OIA, Presentation

Audio File length: 2.15
English / USA Language: English / USA

We’re now in Oia, the marvelous village in the north-east of the island, above the little harbor of Ammoudi. This splendid location on the tip of Santorini, opposite the island of Therasia, is considered the best place to admire the sunset. From here, you can take some unforgettable, postcard-perfect photos.

Oia dates to around 1650, and between the end of the 19th century and the beginning of the 20th, it had one of the most flourishing economies on the island, thanks to a fleet of merchant ships numbering about 130 vessels, used for trade.

Similar in many ways to Fira and to many other small villages in the Cyclades, the uniquely fascinating feature of Oia is that the main streets that cross the town are paved in elegant marble.

There were once Venetian fortifications in the area, built mainly as a defense against attacks from the pirates that used to infest this part of the Aegean. Nothing but a few ruins of the fortifications remain, largely due to the earthquakes that have struck over the years.

If you’re particularly interested in ships and in history, you might like to visit the small, but interesting, two-storey Nautical Museum, with model ships, sailors’ uniforms, photographs and other objects that bring to light aspects of life on the island before the advent of tourism.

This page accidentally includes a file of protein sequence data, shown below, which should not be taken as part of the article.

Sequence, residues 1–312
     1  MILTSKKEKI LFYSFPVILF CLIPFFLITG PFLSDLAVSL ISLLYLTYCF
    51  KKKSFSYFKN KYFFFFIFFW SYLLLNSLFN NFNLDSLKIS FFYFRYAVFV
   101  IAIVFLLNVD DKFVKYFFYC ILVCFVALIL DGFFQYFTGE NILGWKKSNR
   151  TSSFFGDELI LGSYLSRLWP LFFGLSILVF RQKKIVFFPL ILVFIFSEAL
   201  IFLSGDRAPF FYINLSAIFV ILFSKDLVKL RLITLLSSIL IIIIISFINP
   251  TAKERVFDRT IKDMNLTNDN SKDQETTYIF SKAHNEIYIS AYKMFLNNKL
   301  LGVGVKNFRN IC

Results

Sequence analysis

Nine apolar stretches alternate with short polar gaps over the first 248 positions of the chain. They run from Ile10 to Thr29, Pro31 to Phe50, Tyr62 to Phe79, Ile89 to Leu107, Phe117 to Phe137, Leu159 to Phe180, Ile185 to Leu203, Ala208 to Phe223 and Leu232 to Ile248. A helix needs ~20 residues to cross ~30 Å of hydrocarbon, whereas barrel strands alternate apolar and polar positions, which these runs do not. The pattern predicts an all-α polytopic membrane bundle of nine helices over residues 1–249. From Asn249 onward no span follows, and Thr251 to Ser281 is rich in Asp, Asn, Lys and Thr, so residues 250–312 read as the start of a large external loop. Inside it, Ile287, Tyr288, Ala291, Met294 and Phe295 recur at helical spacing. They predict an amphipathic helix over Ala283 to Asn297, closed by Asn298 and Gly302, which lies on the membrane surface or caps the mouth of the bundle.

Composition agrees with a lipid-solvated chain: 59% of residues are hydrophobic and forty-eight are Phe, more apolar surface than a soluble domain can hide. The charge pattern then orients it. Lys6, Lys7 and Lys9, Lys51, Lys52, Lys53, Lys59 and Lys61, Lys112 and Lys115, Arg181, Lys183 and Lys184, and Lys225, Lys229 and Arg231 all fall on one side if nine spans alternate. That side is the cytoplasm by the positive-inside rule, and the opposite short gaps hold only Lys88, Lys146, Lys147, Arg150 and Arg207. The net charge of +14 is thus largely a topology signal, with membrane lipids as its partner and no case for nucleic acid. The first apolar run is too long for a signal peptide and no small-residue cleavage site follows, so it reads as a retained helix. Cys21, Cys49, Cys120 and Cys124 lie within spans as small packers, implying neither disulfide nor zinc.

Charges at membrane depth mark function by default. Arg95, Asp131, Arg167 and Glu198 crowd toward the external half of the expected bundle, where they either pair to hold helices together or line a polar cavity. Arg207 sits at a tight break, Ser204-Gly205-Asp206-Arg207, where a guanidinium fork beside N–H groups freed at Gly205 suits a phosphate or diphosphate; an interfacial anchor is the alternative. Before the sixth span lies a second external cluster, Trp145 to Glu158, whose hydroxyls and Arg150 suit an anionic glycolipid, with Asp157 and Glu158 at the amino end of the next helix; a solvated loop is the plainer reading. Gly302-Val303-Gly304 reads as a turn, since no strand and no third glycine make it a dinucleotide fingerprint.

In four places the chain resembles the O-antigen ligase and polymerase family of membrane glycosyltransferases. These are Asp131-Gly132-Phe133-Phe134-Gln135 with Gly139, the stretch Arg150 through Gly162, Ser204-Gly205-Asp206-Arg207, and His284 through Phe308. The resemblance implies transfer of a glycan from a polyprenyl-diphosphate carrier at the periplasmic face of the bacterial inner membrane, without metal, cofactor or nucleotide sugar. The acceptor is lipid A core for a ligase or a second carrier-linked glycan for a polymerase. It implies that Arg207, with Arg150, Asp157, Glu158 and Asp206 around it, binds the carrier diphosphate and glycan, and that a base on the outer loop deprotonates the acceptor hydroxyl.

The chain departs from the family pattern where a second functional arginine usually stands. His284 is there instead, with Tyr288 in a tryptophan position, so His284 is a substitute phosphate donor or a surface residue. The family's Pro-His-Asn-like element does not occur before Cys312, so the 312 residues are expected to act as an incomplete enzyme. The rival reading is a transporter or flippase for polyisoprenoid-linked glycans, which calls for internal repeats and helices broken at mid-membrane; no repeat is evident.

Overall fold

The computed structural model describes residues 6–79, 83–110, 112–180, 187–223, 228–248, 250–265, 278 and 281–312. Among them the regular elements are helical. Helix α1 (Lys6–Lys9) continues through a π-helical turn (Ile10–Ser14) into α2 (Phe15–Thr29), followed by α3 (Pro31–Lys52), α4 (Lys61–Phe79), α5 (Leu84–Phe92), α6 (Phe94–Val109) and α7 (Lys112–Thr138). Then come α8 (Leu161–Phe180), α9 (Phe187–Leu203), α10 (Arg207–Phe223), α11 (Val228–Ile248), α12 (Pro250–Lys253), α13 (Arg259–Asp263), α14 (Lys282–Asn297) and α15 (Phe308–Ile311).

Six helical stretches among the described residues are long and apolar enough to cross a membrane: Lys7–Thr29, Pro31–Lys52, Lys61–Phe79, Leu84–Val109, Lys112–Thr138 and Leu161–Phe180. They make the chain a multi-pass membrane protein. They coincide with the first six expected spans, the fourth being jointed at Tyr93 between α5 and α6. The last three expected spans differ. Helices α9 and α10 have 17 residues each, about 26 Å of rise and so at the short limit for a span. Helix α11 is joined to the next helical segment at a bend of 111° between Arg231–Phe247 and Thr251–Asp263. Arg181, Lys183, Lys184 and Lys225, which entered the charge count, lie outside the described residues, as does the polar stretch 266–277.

During your visit, I also suggest you take a walk to the little harbor of Ammoudi, and perhaps enjoy lunch or dinner in one of the inviting taverns along the seafront. As you walk down the steps leading to the harbor, stop for a moment to look up and admire how meticulously the houses have been set into the landscape along the cliff, creating a delightful setting. Many of them have literally been carved into the rock, and were once lived in by sailors and officers of the merchant fleet.


Let me leave you with an interesting fact: on July 9, 1956, an earthquake with a magnitude of 7.7 caused serious damage on Santorini, triggering a tsunami with waves of up to 25 meters high, which reached the coastline of the island of Amorgos, some 90 kilometers away.

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